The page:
Love,
Noah (age 4)P.S. Did you like the Irish jig I did in the puddles today?


Dear Mom:

I had a great time at Grandma’s house.  Since I don’t get to see her often, I haven’t had a chance to create a routine at her house, but I still had fun. 
I played outside in her garden and she let me eat chocolate chip cookies for breakfast.  I peed in her potty, but when I come home on Sunday do not expect me to use your potty.  I don’t do that at home. Home = Diapers

Love,
Noah (age 4 ¼ years)


Dear Mom:
Why do you insist on reading me a story featuring photos of me using the toilet?  And, now Dad is creating a video of me and the potty?  Hello! I know how to use the toilet, but oftentimes I don’t feel like I have to go. 

Remember when I was two and you found me purposefully slamming my fingers in the door…again and again.  Well, it’s kinda like that.  I don’t feel things the same way you do.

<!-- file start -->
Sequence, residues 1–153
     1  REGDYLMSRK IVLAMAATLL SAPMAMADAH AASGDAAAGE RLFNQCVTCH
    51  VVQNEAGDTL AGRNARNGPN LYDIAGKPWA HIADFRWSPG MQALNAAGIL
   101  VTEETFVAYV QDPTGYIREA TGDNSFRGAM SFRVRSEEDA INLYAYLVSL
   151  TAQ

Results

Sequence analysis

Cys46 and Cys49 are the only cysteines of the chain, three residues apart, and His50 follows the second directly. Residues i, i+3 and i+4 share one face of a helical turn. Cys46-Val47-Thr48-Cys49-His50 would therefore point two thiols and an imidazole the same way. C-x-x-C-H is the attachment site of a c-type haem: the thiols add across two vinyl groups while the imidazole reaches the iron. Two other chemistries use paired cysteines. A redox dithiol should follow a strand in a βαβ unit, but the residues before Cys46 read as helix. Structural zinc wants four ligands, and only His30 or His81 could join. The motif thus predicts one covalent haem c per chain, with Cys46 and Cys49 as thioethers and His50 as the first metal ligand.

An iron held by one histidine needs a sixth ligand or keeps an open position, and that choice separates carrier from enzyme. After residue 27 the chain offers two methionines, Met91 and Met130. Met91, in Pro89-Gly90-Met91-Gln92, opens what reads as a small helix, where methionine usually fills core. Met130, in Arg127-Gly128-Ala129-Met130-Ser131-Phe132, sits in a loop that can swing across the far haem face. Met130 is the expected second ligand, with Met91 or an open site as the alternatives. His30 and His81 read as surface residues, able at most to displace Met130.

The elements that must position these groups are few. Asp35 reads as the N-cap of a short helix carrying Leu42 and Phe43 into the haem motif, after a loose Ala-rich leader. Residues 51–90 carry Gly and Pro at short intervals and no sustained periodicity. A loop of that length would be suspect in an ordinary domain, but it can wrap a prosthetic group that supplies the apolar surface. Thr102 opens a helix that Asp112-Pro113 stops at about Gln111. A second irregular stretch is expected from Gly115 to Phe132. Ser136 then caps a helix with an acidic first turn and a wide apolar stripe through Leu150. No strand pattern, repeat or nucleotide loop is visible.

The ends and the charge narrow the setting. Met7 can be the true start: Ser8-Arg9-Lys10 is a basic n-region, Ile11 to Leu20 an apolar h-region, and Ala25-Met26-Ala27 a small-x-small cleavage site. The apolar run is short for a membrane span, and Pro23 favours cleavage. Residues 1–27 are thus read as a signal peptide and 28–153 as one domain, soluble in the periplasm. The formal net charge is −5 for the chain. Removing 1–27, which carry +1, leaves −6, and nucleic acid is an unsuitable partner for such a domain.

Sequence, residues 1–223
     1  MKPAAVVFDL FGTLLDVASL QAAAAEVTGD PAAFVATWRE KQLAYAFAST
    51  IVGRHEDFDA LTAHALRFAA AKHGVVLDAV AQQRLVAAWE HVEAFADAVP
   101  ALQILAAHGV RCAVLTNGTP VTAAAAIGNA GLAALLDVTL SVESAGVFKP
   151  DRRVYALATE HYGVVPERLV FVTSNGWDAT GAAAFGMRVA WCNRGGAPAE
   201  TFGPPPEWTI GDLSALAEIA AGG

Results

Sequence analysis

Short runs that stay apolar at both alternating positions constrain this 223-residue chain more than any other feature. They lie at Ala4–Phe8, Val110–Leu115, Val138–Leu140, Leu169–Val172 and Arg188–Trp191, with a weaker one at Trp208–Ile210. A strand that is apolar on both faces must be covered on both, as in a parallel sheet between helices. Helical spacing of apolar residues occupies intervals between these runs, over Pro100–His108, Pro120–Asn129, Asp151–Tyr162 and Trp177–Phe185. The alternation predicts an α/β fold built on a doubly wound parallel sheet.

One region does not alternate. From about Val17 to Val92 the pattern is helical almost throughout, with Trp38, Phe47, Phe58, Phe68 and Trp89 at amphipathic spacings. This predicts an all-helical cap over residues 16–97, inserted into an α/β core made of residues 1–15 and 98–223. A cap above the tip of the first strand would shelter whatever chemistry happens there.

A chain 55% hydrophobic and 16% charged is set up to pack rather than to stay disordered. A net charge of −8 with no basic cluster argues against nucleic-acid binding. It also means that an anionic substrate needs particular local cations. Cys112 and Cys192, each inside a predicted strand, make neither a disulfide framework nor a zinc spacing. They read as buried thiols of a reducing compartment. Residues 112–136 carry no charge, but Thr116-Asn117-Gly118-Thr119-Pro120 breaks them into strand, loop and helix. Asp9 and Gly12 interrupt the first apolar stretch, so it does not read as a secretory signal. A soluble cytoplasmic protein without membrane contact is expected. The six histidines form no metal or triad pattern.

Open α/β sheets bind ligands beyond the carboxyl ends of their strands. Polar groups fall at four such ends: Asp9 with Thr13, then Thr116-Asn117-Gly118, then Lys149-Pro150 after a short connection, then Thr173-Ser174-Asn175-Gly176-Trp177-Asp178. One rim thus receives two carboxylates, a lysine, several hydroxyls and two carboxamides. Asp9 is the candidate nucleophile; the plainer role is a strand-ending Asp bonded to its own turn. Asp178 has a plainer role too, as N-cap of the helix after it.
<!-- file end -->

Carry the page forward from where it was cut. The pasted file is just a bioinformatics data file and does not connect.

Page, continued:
I’m not doing it on purpose – ok, well, not all the time anyway.  I’ll admit, sometimes I just don’t want to go because I just went 30 minutes ago.  Why do I have to go all the time?  It’s so frustrating!

Love,
Noah (age 4 ½ years)


Dear Mom:
I know my birthday is just around the corner.  I’m excited for my party and presents, but I don’t want to be five.  I finally got used to telling people that I’m four, and now I have to remember a new number.   Stop telling me I’m getting to be a big boy.  I don’t want to be big.  I just want to stay little. 

Love,

Noah (age 4 ¾ years)P.S. I’ve noticed when I sit on your lap, that there isn’t as much room as there used to be.  Are you shrinking?


Dear Mom:
Yesterday the kids at school made fun of me on the playground.  They called me diaper boy.  That made me mad.  I wasn’t even wearing diapers…I was wearing a pull-up.  Sheesh!

Love,
Noah (age 5 years)


Dear Mom:
I’m so frustrated…I know you are, too.  I go to the bathroom all the time at school.  I have a routine.  I always go before reading and after math and before lunch and after recess.  Maybe I would have fewer accidents at home if you would teach reading and math to me on the weekends.  I always go before reading and after math.

Love,
Noah (age 5 ½ years)